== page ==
Oh, and everyone is watched and revolutionaries are squashed. Twitter owns a copy of your tweets. Facebook owns your posts and everyone’s data is stored, analysed, collated and sold. You get ads based on your latest tweet, your latest picture and your latest purchase. There’s no escaping that. Unless, of course, you have AdBlock Pro installed in your browser. Then, at least, you don’t have to see these insane violations of your privacy. What about the revolutionaries? Well, one of the best examples is Dalton Caldwell who started out building a platform with and API that developers could build apps and services off of. He wanted to seriously build for Facebook but seeing that his ideas competed with the Facebook App Center, he was forced into a zero-sum game. He could either put out his company and product or get out of the ecosystem. He did the latter and went on to build which is teeming with developers and aiming just to serve its users, who pay for the service.
    No one knows who the third State of social networking is. Apple and Google have often tried and failed miserably in building out social platforms (Ping, Game Center/Jaiku, Latitude, Wave, Buzz, Google+). WordPress and Tumblr are too attached to the blogging platform concept to change radically into massive social networks (which is a good thing). Some standalone products bought by other companies survive, (Skype by MS, YouTube by Google, Instagram by Facebook) but not because they are inherently social but because they are of value in some other way. Amazon is nowhere near a social network (again, so glad for that). is still a fledgling as compared to these massive networks. Most small social apps and services, specially those funded by VCs have two destinies – either not gain enough traction and get shut down or gain bare minimum traction and look to get bought by one of the big guys.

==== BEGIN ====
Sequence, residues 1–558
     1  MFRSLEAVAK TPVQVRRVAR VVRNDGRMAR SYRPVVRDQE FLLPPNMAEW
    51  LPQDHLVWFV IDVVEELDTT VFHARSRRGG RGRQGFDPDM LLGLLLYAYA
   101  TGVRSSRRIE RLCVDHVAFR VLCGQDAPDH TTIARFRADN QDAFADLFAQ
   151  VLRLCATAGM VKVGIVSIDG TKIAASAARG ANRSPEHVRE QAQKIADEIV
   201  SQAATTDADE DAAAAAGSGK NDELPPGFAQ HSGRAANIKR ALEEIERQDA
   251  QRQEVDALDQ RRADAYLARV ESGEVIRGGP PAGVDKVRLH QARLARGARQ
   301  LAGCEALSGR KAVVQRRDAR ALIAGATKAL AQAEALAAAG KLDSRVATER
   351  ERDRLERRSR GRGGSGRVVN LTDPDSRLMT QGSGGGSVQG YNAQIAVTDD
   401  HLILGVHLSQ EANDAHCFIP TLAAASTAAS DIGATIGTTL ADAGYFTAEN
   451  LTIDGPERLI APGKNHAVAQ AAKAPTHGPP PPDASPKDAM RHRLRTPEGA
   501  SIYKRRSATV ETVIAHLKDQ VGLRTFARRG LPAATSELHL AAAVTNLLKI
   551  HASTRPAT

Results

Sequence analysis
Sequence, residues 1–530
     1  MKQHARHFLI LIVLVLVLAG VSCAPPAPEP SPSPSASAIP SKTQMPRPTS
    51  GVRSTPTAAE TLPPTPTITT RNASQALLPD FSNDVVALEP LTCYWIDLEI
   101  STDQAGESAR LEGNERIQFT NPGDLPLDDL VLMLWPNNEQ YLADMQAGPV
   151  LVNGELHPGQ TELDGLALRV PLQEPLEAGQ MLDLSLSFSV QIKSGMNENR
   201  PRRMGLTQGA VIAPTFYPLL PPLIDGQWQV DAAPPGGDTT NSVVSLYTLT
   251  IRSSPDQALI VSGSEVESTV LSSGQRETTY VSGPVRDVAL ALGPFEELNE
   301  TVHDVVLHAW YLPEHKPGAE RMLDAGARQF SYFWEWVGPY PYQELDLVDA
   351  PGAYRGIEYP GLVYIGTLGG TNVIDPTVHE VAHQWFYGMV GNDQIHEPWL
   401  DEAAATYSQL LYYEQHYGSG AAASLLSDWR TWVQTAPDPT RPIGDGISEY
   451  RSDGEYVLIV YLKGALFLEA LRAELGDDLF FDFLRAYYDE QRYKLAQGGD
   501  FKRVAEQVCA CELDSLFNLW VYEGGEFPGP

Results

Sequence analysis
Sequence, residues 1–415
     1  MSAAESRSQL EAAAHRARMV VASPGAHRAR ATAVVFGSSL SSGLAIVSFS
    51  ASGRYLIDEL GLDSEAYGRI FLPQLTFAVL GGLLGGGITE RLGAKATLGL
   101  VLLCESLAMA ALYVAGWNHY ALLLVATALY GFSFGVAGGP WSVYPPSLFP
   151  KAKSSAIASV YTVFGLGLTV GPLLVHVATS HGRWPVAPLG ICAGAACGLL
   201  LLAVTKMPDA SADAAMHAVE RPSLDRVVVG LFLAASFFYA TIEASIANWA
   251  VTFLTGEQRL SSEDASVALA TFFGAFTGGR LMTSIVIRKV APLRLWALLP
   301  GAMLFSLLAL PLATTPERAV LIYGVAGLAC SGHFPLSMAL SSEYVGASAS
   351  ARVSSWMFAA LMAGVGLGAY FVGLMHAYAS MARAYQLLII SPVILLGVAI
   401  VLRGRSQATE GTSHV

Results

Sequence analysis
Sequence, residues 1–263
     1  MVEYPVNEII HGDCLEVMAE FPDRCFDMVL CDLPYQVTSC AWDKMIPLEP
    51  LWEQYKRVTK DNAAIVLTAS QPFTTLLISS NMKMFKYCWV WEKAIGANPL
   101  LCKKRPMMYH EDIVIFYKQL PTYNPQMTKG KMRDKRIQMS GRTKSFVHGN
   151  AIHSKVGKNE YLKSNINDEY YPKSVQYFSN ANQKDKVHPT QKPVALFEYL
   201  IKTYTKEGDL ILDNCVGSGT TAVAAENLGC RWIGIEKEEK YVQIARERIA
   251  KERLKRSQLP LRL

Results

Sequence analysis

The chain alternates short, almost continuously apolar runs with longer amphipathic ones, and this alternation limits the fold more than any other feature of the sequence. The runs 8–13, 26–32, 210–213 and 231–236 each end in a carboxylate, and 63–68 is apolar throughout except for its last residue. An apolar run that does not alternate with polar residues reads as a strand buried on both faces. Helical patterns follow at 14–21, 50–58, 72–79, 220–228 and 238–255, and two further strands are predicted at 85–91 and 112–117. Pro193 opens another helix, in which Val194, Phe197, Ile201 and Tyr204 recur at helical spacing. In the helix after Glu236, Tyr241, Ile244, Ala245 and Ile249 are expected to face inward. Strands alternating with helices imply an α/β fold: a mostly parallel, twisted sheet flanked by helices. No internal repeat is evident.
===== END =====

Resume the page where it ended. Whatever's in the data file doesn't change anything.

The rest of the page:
Why does all of this matter? It matters because we spend too much of our lives online. We, the end users, don’t log out of Facebook before going to shop on Amazon and we tweet about everything from our morning coffee to our political leaning. We put all that effort into building our online lives and when the product shuts down or the company changes hands, we just go with the flow to the next social network instead of demanding an answer (which we can’t because, hey, the service was free!). It matters because we’re citizens of these online States that are at continual war. A war in which they will buy every small company that users show interest in, will use your data more aggressively and blatantly when their bottom line needs to be fed and will not be afraid to release more tools for their advertisers than for their users, simply because their true customer is the former. It matters because this trend of over-sharing our lives is not going away because we’ve come to accept it as who we are. Our offline identities, earlier so different from our online ones are taking the shape of the latter. It matters because once the third big social network is formed, there will be no where on the Internet that will be free. There will be no website not tracked, no login not stored, no purchase not analysed. But we don’t need that last big network to get to that. We are already in 1984 and Big Brother is watching.